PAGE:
Ugg. She is becoming so independent (4th grade this fall) and she is so capable of taking care of herself, but I am still nervous. I guess that comes with being a mom. To add diabetes to the layer of complexity between a mother and a daughter is a lot to ask of any human being.

Friday, July 10, 2009

"Control" The Dreaded, Overarching Theme with Diabetes

Wow! Control is such a loaded word in diabetes care.

1con·trol
Pronunciation:
\kən-ˈtrōl\
Function:
verb
Inflected Form(s):
con·trolled; con·trol·ling
15th century
transitive verb1 a: archaic : to check, test, or verify by evidence or experiments b: to incorporate suitable controls in controlled experiment>2 a: to exercise restraining or directing influence over : regulate b: to have power over : rule C: to reduce the incidence or severity of especially to innocuous levels <control an insect population><control a disease>
In diabetes care, it isn't that simple. My daughter (8, almost 9) feels very in control of her situation. I am very proud of her, but my husband and I have very consciously worked to empower her and have made LIFE first, diabetes second.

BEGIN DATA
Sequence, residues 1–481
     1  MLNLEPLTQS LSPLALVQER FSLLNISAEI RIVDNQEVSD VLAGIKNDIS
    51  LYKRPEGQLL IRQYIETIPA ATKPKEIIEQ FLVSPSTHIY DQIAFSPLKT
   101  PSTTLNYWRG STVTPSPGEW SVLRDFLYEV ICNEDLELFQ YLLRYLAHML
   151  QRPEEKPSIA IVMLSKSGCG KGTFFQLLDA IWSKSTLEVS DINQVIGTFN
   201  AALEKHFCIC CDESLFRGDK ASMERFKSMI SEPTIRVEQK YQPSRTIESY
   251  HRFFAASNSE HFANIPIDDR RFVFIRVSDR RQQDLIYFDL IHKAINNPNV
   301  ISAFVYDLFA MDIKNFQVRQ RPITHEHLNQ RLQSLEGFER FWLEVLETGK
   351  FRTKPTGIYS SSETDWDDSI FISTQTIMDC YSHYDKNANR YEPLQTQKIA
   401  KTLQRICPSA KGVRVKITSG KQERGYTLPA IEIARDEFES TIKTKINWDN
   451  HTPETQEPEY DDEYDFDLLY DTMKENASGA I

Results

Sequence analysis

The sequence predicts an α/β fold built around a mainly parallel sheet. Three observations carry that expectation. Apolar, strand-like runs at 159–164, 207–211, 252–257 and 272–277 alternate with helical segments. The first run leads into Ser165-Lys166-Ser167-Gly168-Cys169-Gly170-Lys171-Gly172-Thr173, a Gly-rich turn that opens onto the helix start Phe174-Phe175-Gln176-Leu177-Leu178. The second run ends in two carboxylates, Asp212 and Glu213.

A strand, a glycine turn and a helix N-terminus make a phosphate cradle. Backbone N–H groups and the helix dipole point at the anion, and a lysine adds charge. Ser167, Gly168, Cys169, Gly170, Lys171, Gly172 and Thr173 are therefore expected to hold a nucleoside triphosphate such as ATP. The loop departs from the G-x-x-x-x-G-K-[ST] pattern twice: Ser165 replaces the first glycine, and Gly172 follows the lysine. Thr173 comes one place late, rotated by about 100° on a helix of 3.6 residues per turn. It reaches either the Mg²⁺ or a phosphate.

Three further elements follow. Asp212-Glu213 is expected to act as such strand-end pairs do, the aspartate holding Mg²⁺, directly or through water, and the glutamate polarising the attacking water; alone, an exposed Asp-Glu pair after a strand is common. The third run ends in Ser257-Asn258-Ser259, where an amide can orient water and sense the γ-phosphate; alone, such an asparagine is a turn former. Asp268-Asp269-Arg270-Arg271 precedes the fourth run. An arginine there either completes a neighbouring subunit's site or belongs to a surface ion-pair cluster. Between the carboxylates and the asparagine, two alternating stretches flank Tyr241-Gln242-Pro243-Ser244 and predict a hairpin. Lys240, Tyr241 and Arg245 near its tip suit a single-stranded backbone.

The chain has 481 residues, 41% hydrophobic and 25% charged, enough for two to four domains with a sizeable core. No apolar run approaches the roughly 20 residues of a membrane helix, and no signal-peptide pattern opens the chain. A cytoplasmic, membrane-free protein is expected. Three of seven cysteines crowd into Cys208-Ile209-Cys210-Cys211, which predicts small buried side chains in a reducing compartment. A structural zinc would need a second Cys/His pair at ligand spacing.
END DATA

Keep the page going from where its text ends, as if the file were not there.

I would LOVE to hear from parents who have figured out the "control" balance; parents who give their kids space to be, take care of themselves and found a way to "let go," so they can fly.
Please share your stories, I have readers who desperately need to hear from you. How did you move away from diabetes running your lives and go back to living?

Monday, June 15, 2009

First independent shot

My daughter's blood sugar was high adn she needed a new infusion set tonight. She ate a snack and declared that she was going to give herself a shot. She dialed up the Novopen and injected herself in the arm.

I'm so proud of her taking control and doing it herself without my prompting. I have oodles of pride in her this week about so many things. I pinch myself, completely amazed at how in love and fortunate I am to have such an amazing kid.

Pinch!

Monday, April 13, 2009

Self-Care Gift for Moms